It's always refreshing to hear a band not afraid to bring plenty of different styles into its playing, and Soulive is just such a band. On its new self-titled live album, Soulive turns from a jam band to a jazz troupe in a second, unafraid to draw on other predecessors: funk's solid basslines and hip-hop's breakbeats are evident as well.

The album was recorded by the trio, drummer Alan Evans, guitarist Eric Krasno and keyboardist Neal Evans, over five separate dates from November to December of 2002. Blue Note Records, jazz's premier label, released the disc, and the album and band bear the marks of some of those who have passed before them under that exalted name. Skilled, tight, improvisation and virtuosity in playing characterize the music.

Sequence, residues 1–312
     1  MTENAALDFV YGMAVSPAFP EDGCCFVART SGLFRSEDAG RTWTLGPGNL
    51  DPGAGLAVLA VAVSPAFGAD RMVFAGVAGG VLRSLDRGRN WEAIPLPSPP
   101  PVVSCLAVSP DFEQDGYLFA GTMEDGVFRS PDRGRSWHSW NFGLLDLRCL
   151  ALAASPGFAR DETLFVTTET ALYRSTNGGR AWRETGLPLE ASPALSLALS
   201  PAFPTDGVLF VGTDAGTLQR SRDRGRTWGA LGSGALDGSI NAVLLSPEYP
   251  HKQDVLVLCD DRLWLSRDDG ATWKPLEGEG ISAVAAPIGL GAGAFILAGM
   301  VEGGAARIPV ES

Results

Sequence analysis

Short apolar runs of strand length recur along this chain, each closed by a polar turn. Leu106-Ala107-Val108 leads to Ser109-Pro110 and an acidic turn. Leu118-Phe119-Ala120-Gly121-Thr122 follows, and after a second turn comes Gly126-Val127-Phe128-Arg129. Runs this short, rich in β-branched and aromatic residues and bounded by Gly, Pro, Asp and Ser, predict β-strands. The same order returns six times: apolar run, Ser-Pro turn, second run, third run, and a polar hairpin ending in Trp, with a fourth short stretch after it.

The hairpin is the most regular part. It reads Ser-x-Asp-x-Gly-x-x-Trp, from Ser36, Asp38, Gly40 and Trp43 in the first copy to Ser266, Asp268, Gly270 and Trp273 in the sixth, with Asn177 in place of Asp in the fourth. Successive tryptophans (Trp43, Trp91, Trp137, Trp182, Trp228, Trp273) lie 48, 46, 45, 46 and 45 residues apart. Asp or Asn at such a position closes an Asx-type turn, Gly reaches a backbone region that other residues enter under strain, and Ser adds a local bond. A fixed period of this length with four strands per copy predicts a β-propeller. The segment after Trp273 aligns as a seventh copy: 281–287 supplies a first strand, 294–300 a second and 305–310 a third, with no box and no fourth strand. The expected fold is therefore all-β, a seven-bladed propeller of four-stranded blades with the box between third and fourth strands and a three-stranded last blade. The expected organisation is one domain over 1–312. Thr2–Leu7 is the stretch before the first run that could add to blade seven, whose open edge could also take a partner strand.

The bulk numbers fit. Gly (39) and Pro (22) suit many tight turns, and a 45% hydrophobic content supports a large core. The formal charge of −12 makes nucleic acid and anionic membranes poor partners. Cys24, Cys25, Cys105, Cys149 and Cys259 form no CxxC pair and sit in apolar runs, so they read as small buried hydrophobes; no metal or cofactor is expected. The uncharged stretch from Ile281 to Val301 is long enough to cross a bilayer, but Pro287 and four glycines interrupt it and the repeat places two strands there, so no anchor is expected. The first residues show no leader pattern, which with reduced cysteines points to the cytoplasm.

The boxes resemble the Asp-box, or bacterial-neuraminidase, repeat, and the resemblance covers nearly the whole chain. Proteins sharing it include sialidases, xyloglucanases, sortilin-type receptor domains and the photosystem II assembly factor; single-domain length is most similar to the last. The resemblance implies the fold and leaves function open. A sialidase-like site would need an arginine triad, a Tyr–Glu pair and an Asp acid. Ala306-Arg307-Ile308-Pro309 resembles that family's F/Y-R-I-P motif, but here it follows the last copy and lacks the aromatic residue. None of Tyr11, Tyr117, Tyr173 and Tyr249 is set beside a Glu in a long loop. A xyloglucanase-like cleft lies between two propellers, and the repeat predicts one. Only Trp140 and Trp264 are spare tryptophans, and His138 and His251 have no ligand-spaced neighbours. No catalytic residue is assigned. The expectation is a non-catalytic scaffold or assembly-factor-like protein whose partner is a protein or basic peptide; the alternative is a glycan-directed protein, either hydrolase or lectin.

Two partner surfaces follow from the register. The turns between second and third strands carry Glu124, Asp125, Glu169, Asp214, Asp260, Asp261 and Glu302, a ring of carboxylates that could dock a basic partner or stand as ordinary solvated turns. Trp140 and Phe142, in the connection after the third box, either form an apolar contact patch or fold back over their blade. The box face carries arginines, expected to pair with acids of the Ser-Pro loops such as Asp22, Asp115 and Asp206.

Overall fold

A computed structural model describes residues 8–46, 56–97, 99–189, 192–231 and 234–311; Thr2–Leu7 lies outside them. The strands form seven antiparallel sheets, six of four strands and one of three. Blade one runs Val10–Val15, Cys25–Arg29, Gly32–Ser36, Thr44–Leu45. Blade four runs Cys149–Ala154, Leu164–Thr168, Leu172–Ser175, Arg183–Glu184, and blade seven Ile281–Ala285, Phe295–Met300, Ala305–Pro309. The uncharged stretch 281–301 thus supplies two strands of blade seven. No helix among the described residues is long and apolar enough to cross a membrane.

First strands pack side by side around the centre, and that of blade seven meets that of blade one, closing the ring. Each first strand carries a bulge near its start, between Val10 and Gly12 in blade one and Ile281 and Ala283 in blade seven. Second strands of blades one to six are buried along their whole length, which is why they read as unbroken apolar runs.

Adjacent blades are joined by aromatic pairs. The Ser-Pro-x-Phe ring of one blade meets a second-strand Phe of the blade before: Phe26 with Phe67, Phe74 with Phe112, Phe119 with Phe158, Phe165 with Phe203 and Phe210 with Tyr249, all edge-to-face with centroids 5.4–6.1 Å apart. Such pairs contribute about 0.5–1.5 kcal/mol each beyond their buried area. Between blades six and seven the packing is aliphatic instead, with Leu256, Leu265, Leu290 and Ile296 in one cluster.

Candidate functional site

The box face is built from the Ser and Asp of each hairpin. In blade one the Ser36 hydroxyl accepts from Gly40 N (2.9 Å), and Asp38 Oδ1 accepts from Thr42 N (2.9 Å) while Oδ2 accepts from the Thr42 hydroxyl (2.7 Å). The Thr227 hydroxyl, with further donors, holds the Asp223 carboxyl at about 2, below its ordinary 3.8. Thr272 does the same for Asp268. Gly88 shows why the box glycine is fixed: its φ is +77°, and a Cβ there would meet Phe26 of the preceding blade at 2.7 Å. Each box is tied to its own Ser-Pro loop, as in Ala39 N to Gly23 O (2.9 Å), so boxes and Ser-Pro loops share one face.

Instrumental music in general and especially jazz can be boring to a pop fan used to carefully placed hooks and well-defined choruses, but Soulive's playing is always exciting and fresh. Even a song like "Turn it Out," stretching for 13 minutes, hours by contemporary standards, has a sense of urgency behind it that keeps the excitement and the momentum of the song flowing. Other standout songs include the album's first track, "Aladdin," and Stevie Ray Vaughan's "Lenny," on which guitarist Krasno is given a chance to shine.

The only real drawback to the album is that sometimes the band strays too far from jazz territory and sounds strangely Phishy. Otherwise, though, the album is the perfect accompaniment to a lazy summer afternoon.